In The Queen on the application of Ralph Hely-Hutchinson v HMRC, a taxpayer was successful in judicial review over HMRC's tax treatment of his Mansworth v Jelly loss claims.

  • Mr Hely-Hutchinson submitted capital losses claims in 2003 in respect of share options for the four tax years from 1999 to 2002.
  • He followed HMRC's 2003 published guidance.
  • In 2003 HMRC opened an enquiry into the loss claims.  
  • In 2009 HMRC changed its guidance, saying that the 2003 guidance had been incorrect and that it would be applying its new view in any open enquiry.
  • HMRC issued closure notices in 2014 denying relief for the losses.

The taxpayer sought a judicial review of the closure notice on the following grounds:

  • He had a legitimate expectation that his claims would be allowed in accordance with the 2003 guidance.
  • HMRC's refusal of his claims was an abuse of power.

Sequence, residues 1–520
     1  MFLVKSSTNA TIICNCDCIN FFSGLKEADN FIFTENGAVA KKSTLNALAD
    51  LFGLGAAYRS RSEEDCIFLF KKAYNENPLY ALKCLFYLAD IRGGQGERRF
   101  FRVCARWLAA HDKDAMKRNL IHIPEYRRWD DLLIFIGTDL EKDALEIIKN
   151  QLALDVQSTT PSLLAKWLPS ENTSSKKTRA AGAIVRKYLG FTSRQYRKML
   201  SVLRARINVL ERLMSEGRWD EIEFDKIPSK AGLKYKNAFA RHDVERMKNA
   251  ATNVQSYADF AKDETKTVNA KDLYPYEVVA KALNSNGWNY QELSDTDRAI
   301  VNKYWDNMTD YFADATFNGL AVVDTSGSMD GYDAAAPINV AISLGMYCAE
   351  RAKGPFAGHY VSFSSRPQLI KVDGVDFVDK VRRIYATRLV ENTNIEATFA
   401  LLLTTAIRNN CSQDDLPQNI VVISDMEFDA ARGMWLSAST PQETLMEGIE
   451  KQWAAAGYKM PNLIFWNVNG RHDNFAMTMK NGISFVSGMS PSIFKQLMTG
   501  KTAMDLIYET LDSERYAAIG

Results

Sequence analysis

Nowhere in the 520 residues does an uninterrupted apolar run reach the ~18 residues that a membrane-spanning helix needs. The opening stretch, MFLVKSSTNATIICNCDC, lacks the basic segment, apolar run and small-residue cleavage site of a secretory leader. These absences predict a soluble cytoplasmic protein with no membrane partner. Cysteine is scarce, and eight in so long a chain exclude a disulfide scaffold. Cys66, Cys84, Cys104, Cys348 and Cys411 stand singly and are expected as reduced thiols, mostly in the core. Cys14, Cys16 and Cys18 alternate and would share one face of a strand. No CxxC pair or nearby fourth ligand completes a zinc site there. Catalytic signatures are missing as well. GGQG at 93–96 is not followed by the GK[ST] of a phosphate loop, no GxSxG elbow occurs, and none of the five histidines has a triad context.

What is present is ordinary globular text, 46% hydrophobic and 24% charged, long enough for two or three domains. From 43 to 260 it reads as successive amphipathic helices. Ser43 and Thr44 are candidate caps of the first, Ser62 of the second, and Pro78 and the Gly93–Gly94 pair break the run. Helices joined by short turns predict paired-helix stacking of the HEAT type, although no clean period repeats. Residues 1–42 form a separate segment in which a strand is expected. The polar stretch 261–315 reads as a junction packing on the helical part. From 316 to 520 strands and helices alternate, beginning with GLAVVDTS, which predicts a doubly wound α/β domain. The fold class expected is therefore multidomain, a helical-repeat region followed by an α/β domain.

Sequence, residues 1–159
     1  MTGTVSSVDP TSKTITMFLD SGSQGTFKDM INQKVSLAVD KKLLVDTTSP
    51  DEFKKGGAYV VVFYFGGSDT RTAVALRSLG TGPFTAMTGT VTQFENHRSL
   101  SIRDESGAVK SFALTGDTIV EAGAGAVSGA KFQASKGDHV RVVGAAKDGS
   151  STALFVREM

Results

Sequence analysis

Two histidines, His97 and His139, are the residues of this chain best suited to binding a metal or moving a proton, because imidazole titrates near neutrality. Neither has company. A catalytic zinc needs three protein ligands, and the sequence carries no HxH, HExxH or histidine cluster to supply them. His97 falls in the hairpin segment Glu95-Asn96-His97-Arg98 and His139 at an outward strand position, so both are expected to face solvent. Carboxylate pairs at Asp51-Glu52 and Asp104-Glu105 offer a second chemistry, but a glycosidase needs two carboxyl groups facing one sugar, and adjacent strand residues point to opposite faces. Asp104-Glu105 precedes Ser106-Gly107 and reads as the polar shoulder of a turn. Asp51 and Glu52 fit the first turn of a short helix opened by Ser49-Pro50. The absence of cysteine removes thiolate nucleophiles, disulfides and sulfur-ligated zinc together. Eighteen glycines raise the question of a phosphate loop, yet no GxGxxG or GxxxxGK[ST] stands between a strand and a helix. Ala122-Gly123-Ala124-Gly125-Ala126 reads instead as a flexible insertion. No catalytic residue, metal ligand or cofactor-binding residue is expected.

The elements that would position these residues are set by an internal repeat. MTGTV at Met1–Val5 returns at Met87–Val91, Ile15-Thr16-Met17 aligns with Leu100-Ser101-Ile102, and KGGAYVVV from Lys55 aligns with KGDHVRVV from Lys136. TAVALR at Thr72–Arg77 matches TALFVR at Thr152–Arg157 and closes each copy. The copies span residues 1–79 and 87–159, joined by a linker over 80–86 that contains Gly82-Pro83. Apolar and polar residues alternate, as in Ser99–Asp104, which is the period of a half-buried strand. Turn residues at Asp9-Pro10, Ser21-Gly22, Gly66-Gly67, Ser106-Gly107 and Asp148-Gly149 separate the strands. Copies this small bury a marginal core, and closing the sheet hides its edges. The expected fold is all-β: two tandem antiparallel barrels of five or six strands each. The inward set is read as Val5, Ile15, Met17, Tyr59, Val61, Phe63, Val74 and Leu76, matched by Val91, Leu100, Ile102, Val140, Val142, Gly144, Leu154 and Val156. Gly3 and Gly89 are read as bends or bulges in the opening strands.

• HMRC was not treating taxpayer's consistently as other Mansworth v Jelley losses had been allowed.

HMRC argued that they had not allowed the claim as he could not show any detrimental reliance on the guidance having been on notice since June 2003 that the losses had not been agreed and were being challenged.

Decision of the high court

  • The taxpayer had a legitimate expectation that his loss claims would be allowed as he had relied upon clear, unambiguous and unqualified guidance issued by HMRC.
  • His expectation was not lessened by HMRC later changing its view.
  • There was an intrinsic unfairness in treating other taxpayers who were in an identical position differently.
  • HMRC should have taken this unfairness into account and not just considered the fact that the taxpayer had suffered no detriment.

The closure notices were quashed and referred back to HMRC to reconsider.


Case reference: The Queen on the Application of Ralph Hely-Hutchinson v HMRC [2015] EWHC 3261


A Court of Appeal hearing is scheduled to begin on 28 March 2017. A summary of the decision can be found here.